committed to planting about 16,800 more trees in 2019, for

a total of more than 25,500, according to Perennial Environmental

Services.

PSC officials weren’t available at press time for comment on

whether the state thinks ETP is justified in prolonging the

plantings into the new year.

Under the agreement, ETP also was directed to develop an

industry handbook on properly handling pipeline route adjustments

and to conduct training. In return, the PSC didn’t

require the company to admit wrongdoing and scrapped a

proposed $15,000 penalty. The agency has the power to levy

up to $200,000 in fines.

Auto-renewal of your annual membership is now available

and easily managed from your phone or other device.

What do I need to do?

Company attorney Lawrence Bender recently submitted a

report from contractor KC Harvey Environmental further detailing

the replanting efforts in the disputed areas. He noted

that in some areas where landowners refused trees, the trees

were reallocated to other landowners “who had the space

and desire to accommodate more plantings.”

Bender in December detailed training that he said surpassed

what was required during the Williston Basin Petroleum Conference

in May, the North Dakota Petroleum Council annual

meeting in September and the Colorado Oil and Gas Association

annual meeting in November.

To take advantage of the convenience of the newly streamlined

system, and to register for all upcoming events, you must

create a new account at the chiefengineer.org website. Log

on to www.chiefengineer.org/home/help and:

Only about 8,800 of the required 20,000 additional trees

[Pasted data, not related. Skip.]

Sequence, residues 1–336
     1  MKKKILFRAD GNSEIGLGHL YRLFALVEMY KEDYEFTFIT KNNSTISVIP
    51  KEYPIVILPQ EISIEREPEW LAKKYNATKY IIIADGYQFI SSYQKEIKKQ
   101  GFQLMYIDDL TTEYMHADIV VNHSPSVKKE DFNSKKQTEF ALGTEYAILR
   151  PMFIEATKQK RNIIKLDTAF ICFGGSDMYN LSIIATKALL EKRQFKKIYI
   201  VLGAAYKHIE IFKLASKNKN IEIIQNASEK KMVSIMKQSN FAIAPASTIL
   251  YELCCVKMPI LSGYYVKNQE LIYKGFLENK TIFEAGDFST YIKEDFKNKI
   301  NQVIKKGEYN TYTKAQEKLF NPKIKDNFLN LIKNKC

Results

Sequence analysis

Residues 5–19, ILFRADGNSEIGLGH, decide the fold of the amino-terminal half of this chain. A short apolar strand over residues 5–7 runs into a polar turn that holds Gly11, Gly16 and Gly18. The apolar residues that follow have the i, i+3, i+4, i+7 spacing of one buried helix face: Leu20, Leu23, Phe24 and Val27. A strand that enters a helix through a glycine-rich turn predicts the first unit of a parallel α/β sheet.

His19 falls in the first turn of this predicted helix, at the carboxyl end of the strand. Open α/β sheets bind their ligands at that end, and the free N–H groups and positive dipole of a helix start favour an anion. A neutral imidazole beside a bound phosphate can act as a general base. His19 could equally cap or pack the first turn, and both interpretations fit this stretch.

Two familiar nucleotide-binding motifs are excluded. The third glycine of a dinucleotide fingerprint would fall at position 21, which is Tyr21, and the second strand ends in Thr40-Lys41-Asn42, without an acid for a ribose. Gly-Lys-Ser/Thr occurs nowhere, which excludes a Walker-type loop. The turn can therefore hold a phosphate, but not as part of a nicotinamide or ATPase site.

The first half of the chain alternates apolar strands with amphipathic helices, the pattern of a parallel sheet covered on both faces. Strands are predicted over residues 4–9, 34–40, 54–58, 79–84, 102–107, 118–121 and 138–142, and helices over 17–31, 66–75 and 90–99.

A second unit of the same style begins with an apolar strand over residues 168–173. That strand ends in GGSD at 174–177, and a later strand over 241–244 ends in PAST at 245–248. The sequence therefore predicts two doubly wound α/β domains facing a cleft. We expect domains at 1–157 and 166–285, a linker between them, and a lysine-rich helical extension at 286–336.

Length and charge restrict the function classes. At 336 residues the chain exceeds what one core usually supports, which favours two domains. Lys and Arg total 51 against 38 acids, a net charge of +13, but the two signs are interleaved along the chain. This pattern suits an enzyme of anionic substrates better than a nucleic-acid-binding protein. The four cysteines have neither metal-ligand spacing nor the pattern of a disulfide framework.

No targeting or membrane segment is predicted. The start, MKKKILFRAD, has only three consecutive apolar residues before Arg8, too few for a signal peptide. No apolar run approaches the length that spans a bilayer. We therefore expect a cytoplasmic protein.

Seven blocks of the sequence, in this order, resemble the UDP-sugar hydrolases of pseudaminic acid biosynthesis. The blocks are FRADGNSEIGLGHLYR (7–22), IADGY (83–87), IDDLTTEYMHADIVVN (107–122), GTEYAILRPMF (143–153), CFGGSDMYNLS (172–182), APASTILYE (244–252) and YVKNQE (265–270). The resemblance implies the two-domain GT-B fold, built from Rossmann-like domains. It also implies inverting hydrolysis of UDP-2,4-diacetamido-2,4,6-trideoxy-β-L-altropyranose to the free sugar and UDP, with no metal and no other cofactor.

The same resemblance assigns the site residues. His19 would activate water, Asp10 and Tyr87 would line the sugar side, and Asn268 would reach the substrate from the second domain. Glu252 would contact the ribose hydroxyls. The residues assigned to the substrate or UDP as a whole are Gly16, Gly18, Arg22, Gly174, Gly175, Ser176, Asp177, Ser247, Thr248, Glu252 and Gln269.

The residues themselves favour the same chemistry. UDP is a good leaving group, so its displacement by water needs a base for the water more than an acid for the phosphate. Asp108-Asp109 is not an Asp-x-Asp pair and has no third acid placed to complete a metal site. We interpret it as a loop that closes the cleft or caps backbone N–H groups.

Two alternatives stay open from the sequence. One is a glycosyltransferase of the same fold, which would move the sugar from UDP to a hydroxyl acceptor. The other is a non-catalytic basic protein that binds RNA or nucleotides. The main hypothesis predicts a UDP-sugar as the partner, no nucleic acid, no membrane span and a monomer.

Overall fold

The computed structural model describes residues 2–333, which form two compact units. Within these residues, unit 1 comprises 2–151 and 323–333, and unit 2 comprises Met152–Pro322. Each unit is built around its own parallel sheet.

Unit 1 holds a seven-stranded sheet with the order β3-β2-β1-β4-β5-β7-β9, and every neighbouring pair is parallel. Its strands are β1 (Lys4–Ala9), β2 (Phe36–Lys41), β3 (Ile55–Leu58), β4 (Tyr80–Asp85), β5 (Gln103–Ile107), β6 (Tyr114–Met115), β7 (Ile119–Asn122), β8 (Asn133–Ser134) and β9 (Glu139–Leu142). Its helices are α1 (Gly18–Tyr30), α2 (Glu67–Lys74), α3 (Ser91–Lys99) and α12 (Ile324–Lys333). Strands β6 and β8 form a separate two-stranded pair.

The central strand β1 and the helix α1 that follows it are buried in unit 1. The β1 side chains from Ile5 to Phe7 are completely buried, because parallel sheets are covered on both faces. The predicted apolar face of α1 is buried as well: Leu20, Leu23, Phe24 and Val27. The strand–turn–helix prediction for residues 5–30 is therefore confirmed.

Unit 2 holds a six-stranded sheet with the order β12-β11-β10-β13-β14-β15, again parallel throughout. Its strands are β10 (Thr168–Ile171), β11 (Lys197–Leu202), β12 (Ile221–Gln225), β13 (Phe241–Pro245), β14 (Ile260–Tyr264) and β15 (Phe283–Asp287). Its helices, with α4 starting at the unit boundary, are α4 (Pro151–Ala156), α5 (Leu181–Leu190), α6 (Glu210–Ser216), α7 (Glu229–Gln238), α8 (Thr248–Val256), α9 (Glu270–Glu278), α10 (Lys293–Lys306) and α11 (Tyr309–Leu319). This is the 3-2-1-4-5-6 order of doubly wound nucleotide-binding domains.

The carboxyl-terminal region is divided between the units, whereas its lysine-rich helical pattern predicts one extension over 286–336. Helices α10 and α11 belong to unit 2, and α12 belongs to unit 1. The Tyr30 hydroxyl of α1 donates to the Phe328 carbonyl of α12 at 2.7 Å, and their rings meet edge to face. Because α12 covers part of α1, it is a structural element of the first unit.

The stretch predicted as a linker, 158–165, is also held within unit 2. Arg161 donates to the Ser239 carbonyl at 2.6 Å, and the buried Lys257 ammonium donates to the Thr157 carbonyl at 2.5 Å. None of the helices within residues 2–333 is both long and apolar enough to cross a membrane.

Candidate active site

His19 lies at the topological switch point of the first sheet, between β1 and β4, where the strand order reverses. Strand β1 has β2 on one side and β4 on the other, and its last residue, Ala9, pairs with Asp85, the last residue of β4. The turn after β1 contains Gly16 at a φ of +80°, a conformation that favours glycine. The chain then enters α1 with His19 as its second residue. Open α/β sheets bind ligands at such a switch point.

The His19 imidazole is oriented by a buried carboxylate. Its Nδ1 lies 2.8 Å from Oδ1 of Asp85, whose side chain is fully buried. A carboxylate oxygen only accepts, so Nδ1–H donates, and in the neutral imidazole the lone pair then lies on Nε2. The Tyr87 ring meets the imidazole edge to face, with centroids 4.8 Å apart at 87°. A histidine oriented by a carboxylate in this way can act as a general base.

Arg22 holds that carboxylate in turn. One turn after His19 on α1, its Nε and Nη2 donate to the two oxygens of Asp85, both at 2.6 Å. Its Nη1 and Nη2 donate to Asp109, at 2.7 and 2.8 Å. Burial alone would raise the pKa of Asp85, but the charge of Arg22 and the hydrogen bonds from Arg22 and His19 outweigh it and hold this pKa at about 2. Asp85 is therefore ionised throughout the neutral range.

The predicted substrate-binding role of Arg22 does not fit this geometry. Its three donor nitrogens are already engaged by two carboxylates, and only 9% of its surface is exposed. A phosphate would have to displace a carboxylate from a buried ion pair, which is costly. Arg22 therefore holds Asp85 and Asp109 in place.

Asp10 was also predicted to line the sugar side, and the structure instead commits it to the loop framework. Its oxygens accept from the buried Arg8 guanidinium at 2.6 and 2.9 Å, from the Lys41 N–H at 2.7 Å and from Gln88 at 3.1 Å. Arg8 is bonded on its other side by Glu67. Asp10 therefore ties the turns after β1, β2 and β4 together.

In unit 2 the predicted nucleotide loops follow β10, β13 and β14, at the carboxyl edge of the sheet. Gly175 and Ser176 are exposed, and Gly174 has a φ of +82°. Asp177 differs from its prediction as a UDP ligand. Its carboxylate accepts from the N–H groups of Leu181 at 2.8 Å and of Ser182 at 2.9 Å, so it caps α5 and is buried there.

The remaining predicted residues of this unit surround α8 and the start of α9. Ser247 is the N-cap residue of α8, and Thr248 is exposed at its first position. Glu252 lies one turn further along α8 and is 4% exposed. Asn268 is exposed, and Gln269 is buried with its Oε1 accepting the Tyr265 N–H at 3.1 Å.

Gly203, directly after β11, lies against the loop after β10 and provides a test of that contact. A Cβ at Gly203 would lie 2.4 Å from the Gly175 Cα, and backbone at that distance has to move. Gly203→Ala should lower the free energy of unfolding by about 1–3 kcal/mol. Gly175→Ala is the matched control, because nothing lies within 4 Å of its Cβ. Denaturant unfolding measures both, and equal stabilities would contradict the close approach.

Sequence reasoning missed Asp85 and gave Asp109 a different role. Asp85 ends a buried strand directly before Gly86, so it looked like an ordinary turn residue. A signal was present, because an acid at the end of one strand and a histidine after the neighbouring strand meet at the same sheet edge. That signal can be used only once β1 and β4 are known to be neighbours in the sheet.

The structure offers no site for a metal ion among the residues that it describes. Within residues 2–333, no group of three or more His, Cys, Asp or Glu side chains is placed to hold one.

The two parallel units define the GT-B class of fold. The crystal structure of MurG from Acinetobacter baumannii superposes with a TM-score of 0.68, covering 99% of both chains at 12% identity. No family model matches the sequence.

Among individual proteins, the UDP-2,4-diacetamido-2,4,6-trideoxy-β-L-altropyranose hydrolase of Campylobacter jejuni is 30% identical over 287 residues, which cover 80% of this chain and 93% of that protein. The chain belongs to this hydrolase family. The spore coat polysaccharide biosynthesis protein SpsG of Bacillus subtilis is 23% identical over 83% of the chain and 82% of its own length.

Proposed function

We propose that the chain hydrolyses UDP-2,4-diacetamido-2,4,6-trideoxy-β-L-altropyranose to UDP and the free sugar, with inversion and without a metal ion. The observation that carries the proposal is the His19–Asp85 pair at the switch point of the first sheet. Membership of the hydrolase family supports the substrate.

were planted in 2018 through county soil conservation dis-

Follow the instructions to CREATE a new account.

Once you have created your account and clicked on

SUBSCRIBE, you may, if you choose, enroll in automatic

annual membership renewal.

Once you've subscribed to the new system, don't forget to

REGISTER for the next meeting or event, typically held on

the 3rd Wednesday of the month!

44 | Chief Engineer

Volume 84 · Number 2 | 45


Member News

Mortenson’s Greg Werner Receives

Highest Honor from City of Hope

ing in 1992.

Motion Industries Names New President

BIRMINGHAM, Ala. — Motion Industries, Inc., a leading distributor

of maintenance, repair and operation replacement

parts and a wholly owned subsidiary of Genuine Parts Company,

announced the promotion of Randall (Randy) P. Breaux

to President on Dec. 12, 2018.

Pictured from left to right: Andy Stapleton, Greg Werner, Dan Johnson

(Credit: City of Hope)

CHICAGO — Greg Werner, senior vice president for national

builder and developer Mortenson, has received the

2018 Spirit of Life® Award for his service to City of Hope, a

world-renowned research and treatment center for cancer,

diabetes and other serious diseases. The annual award, the

City of Hope’s highest honor, recognizes philanthropic leaders

who make important contributions to their profession

and to the communities in which they live and work.

Werner, an active member of the City of Hope Chicago Construction

and Real Estate Council for more than a decade,

was honored at the annual Chicago City of Hope gala on

November 8. Werner also led the Chicago council’s 2018 City

of Hope fundraising campaign, along with co-chairs Dan

Johnson, Mortenson president and CEO, and Andy Stapleton,

general manager of Mortenson’s Chicago office.

The Spirit of Life dinner raised $452,000, including an alltime

record for the Fund-A-Need auction. The group has

raised more than $12 million for City of Hope since its found-

“Greg is a leader in both the construction industry and in his

commitment to giving back to the community. He exemplifies

professionalism, integrity and stewardship,” said Joe

Cushing, president of the City of Hope Chicago Construction

and Real Estate Council and executive vice president of Cushing

& Co.

Werner’s community involvement is part of a long tradition

of philanthropy at Mortenson, a private, family-owned business

based in Minneapolis that has given 5 percent of annual

pretax profits to its communities for more than 25 years.

“I have had the pleasure of working closely with Greg for